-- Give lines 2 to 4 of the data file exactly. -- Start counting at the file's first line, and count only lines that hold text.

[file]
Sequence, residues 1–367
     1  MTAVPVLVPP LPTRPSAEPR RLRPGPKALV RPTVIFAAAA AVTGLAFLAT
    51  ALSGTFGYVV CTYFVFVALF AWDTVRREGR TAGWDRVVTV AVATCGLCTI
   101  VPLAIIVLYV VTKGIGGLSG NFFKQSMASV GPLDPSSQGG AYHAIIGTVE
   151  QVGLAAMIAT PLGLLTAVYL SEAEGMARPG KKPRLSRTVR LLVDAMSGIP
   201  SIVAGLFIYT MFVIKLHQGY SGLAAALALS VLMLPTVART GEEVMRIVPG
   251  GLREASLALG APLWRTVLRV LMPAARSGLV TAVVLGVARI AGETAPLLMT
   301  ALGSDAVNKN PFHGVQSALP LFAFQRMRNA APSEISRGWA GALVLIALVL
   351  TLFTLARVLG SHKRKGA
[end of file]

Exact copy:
     1  MTAVPVLVPP LPTRPSAEPR RLRPGPKALV RPTVIFAAAA AVTGLAFLAT
    51  ALSGTFGYVV CTYFVFVALF AWDTVRREGR TAGWDRVVTV AVATCGLCTI
   101  VPLAIIVLYV VTKGIGGLSG NFFKQSMASV GPLDPSSQGG AYHAIIGTVE